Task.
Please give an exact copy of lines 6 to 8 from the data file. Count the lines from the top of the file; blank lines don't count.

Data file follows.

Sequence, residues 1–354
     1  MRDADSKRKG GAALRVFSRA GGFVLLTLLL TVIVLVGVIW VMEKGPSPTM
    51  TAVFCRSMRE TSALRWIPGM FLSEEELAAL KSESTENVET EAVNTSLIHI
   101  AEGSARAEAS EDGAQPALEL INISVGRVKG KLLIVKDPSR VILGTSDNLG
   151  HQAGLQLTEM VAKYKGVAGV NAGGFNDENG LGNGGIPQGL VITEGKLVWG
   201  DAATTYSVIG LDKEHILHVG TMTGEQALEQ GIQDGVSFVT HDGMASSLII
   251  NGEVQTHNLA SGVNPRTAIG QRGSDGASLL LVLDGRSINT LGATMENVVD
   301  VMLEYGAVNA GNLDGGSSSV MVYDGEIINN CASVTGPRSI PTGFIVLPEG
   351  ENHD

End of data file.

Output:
   201  DAATTYSVIG LDKEHILHVG TMTGEQALEQ GIQDGVSFVT HDGMASSLII
   251  NGEVQTHNLA SGVNPRTAIG QRGSDGASLL LVLDGRSINT LGATMENVVD
   301  VMLEYGAVNA GNLDGGSSSV MVYDGEIINN CASVTGPRSI PTGFIVLPEG